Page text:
METHOD AND TECHNOLOGY OF DELIVERING OPTICAL RADIATION TO BIOLOGICAL MICRO-OBJECTS
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For citation: D.A., Kulikov A.V., Mukhtubaev A.B. Method and technology of delivering optical radiation to biological micro-objects. Scientific and Technical Journal of Information Technologies, Mechanics and Optics, 2017, vol. 17, no. 5, pp. 775–781 (in Russian). doi: 10.17586/2226-1494-2017-17-5-775-781
Subject of Research. We propose a method and technology of delivering optical radiation to biological single micro-objects at wavelength equal to 650 nm. The delivering optical radiation is implemented by a fiber optic system that is a standard optical fiber with a reduced diameter at the output end (cone optical fiber, or fiber optic taper). Method. The method essence appears as the creation of a fiber optic system for delivering optical radiation. A sampling method of fiber optic tapers by a fusion splicer for optical fibers is proposed in this paper. The process of protective coating formation, opaque to optical radiation exiting through the side surface of the fiber taper, is described. The end of the fiber optic taper is prepared to obtain a uniform intensity distribution of the outgoing optical radiation. The study of the divergence of optical radiation exiting from the taper end is carried out. Main Results. The proposed method has enabled creation of a fiber-optic taper with a waist diameter of 15±5 μm. The carried out study of optical radiation divergence has shown that the field diameter at a distance of not more than 200 μm to the micro-object is approximately 19 μm and does not exceed the taper waist diameter. Practical Relevance. Unlike other existing methods of delivering optical radiation, a fiber taper with a waist diameter of 15 ± 5 μm provides an impact not only on individual cells but also specific regions of cells with the size that exceeds the taper waist diameter. With the help of the manipulator, the end of the fiber taper can be placed into the required area without overlapping the object to the required distance directly in the environment where biological objects are located (cell cultures).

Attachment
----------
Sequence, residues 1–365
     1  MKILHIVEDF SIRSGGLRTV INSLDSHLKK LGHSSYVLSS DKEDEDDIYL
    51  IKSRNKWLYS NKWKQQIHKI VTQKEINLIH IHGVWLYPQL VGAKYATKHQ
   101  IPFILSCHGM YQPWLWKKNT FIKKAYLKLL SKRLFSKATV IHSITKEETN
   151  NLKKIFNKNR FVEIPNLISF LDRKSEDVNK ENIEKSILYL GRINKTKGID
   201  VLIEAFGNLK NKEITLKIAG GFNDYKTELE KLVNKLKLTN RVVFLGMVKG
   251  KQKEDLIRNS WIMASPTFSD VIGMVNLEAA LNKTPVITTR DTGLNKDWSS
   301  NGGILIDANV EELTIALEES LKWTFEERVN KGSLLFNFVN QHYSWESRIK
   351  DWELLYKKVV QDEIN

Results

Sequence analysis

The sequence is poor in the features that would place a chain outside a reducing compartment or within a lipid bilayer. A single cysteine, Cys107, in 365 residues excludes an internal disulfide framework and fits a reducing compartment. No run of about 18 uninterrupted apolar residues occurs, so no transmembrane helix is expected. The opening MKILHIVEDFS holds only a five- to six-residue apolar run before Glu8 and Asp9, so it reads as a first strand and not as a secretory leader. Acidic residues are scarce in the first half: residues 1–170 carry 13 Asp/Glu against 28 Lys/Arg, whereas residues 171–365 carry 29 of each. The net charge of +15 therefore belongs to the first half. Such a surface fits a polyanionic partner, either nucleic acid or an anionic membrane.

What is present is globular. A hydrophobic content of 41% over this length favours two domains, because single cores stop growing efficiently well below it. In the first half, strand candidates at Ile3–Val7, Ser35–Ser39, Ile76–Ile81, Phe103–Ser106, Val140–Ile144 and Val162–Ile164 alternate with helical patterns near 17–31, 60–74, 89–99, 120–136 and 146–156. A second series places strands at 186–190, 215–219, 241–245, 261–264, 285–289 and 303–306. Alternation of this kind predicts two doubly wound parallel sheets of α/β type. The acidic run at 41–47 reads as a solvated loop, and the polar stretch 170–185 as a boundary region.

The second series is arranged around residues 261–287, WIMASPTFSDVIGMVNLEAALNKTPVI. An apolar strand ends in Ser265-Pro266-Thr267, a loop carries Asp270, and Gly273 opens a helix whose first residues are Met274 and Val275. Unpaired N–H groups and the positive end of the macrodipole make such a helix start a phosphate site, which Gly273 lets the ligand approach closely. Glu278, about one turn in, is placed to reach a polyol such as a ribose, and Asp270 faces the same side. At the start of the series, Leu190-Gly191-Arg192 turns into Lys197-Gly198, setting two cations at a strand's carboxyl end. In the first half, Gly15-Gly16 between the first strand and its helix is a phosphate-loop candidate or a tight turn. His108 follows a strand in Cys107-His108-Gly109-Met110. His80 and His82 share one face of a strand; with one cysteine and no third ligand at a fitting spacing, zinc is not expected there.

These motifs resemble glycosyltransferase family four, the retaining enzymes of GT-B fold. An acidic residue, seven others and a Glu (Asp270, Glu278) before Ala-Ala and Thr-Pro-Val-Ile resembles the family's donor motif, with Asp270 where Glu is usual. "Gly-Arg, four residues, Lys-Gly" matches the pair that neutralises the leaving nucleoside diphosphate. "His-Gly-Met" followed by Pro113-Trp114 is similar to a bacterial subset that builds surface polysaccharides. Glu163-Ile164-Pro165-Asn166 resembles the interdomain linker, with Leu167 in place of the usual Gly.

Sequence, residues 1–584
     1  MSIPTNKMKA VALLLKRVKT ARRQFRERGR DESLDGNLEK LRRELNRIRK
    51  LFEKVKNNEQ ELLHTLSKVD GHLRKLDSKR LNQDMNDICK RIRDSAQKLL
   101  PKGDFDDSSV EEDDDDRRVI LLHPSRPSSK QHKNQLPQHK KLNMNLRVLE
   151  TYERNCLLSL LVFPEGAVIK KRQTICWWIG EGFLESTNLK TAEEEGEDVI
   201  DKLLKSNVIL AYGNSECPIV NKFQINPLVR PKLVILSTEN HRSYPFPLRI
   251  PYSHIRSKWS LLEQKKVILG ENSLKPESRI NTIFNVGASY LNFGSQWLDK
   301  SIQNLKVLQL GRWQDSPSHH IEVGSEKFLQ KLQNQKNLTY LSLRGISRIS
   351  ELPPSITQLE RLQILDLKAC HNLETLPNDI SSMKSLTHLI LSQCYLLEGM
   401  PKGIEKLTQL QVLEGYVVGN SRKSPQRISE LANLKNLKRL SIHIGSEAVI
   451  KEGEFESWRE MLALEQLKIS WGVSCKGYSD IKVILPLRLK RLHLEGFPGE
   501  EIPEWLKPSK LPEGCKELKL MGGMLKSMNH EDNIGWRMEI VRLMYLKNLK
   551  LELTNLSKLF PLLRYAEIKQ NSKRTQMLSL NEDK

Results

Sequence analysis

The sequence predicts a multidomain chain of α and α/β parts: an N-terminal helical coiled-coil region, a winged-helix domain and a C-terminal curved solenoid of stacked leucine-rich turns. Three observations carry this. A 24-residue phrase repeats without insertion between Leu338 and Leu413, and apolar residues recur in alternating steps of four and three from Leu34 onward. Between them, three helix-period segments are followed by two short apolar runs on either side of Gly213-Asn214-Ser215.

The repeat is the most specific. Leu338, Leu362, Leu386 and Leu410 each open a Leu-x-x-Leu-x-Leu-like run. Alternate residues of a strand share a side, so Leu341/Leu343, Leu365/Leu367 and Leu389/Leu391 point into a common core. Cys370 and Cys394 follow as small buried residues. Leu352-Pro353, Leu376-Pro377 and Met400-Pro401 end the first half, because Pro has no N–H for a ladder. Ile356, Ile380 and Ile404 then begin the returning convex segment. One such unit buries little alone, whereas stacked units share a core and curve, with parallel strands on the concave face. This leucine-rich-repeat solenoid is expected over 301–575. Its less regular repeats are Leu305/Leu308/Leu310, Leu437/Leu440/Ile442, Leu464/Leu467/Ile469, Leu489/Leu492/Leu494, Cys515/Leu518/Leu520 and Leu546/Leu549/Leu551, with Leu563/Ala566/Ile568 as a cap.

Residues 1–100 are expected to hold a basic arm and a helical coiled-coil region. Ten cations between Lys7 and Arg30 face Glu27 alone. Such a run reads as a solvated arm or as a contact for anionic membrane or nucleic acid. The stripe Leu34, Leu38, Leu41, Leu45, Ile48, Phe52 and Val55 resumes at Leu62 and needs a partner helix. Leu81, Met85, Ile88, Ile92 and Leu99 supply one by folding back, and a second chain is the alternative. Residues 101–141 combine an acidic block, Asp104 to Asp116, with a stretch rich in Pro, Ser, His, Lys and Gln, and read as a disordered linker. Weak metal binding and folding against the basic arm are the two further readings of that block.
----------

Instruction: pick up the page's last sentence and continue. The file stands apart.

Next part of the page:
Acknowledgements. Personal thanks are expressed to Professor N.V. Nikonorov and his scientific team for their help with the work on the deposition of titanium dioxide. This work has been done at the ITMO University and supported by the Ministry of Education and Science of the Russian Federation (the project № 03.G25.31.0245).
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